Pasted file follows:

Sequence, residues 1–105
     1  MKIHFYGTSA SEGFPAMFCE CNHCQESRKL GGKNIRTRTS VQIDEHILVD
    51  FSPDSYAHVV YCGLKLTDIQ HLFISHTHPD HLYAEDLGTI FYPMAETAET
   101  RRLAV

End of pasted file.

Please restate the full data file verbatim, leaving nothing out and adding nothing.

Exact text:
Sequence, residues 1–105
     1  MKIHFYGTSA SEGFPAMFCE CNHCQESRKL GGKNIRTRTS VQIDEHILVD
    51  FSPDSYAHVV YCGLKLTDIQ HLFISHTHPD HLYAEDLGTI FYPMAETAET
   101  RRLAV